Yes, I am. I can’t possibly take care of my children or anyone else if I am not in good health. You can’t give what you don’t have. If I let myself have a cough, for instance, not only would I be too sick to care for my baby, I would have also put her in danger since I am the most important person/ person in closest contact with her for now. I could forfeit my wants but needs are needs — they are priorities.


I miss my ‘me time.’ Sometimes, I wish I could just dump my family with someone else for some hours and have some time on my own. My favourite leisure activity used to be reading novels. I don’t think I have read any since I got married or maybe since I started having children.


I talk to my husband, my mother, other mothers with young children and health care practitioners when necessary.


Surprisingly, a few hours ago, I was just talking to her, telling her that I expect her to grow up to be like me and even better than me, without my flaws. I mentioned the flaws I know to her. I hope she grows up to be a strong woman, an embodiment of godly character, a leader, role model, pacesetter and trailblazer in whatever field of endeavour she decides to explore, and in everything she sets her heart to do. I pray she grows up to become a better mother than I am, a better wife, daughter and sister. I hope that she will fulfil all her days and the purpose for which she was created.


During my pregnancy, I didn’t have time to sit down listening to superstitions or false traditional beliefs. She is not my first child; so even if I was told any tales, I wouldn’t have taken it to heart. One of the dreams I had (when I was pregnant) was of me being delivered of a baby girl. I was so happy. I remember seeing myself jumping up and down, and attending to her in the delivery room. I really wanted to have a girl. I had some nightmares too, but I try not to keep negative things in my mind. Besides, I already knew that most nightmares during my pregnancy were just that — nightmares.


I assess the stranger and if I feel okay with him/her, I let them. If not, I give an excuse why they can’t hold her. I do it to friends and acquaintances too. Apart from security reasons, the person must, at least, appear clean before I can allow him or her have access to my daughter. Caring for a sick child is not fun at all.


I prefer a day-care where the deeds of the caregiver can be supervised by others. I leave her there when I am at work.

Contact: [email protected]

http://punchng.com/i-dont-allow-strangers-hold-my-baby-godwin/feed/ 0 http://punchng.com/dangers-of-force-feeding-children/ http://punchng.com/dangers-of-force-feeding-children/#respond Sun, 26 Feb 2017 12:51:11 +0000

Dangers of force-feeding children

Mrs. Yewande Jubril, a mother of three, almost lost her three-year-old child after he was force-fed by her housemaid.

Jubril said she had instructed the maid to feed her son pap which she already made for him.

“My son is a picky eater, even at his age. So, I usually have to force him to eat. Even though I am guilty of force-feeding sometimes, I dance and sing to make him eat. My housemaid, on the other hand, never exercised that level of patience towards my son. I had warned her several times against forcing my son to eat, but she constantly turned a deaf ear to my pleas,” she said.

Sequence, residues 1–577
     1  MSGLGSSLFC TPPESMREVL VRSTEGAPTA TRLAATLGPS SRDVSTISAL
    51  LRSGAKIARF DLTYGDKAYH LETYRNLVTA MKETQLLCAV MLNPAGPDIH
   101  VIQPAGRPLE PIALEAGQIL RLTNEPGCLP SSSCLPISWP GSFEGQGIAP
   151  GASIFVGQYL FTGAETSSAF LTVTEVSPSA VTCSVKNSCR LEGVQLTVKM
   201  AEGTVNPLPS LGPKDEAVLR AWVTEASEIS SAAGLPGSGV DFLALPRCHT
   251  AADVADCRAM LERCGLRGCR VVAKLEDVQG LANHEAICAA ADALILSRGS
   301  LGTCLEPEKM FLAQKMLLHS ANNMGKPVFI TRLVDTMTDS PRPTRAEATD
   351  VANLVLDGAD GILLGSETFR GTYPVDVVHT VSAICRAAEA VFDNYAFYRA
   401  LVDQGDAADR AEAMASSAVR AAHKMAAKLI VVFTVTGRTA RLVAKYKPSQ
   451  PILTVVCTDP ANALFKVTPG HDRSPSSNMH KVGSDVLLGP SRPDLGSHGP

To date, Jubril said the thought that he would have died still haunts her. She said the incident made her wary of hiring housemaids or even allowing strangers to feed her child in her absence.

She said, “I was desperate to have someone watch over my son while I was at work, which was why I endured the maid’s terrible behaviour. That morning of the incident, apparently, my son had refused eating his food and my housemaid forced him to eat.  She said she only held his nose and tried forcing the pap down his throat, when my son began to choke. Thank God for my security guard who heard his screams, rushed into the apartment and grabbed my son from her and took him to a nearby hospital.”

The mother of two said she only learnt about what happened when she got home from work as the guard intentionally didn’t inform her on the phone about what happened not to create panic.

She added that apart from sending the maid away, she tried to exercise more patience in feeding her son.

Force-feeding, experts say, is the practice of feeding a human, in this case, children, against their will. Force-feeding children is a common, especially among impatient parents.

According to experts, most parents force feed their little children because they want them to be healthy and strong. However, they warned parents that, if care is not taken, much can go wrong.

A nutritionist, Dr. Chioma Ndiokwelu, said force-feeding a child is wrong.

“Most parents force-feed their children because they want the kids to grow up to be healthy and strong. But these children know when or how much to eat. Human infants — like those of any other animals — are programmed to survive, and therefore, know exactly when and how much to eat. The real reason parents force-feed is because the parents feel insecure about their kids’ physical stature. Parents want their kids to grow big physically,” Ndiokwelu said.

She added that the problem with force-feeding is that it leads to unhealthy food habits. According to her, individuals who were force-fed as kids may also suffer psychological damage.

“Parents may argue that inflicting such psychological trauma is necessary to achieve the desired effect. But, findings show that those who are force-fed end up developing healthier eating habits—and putting on weight—only after they leave home,” Ndiokwelu noted.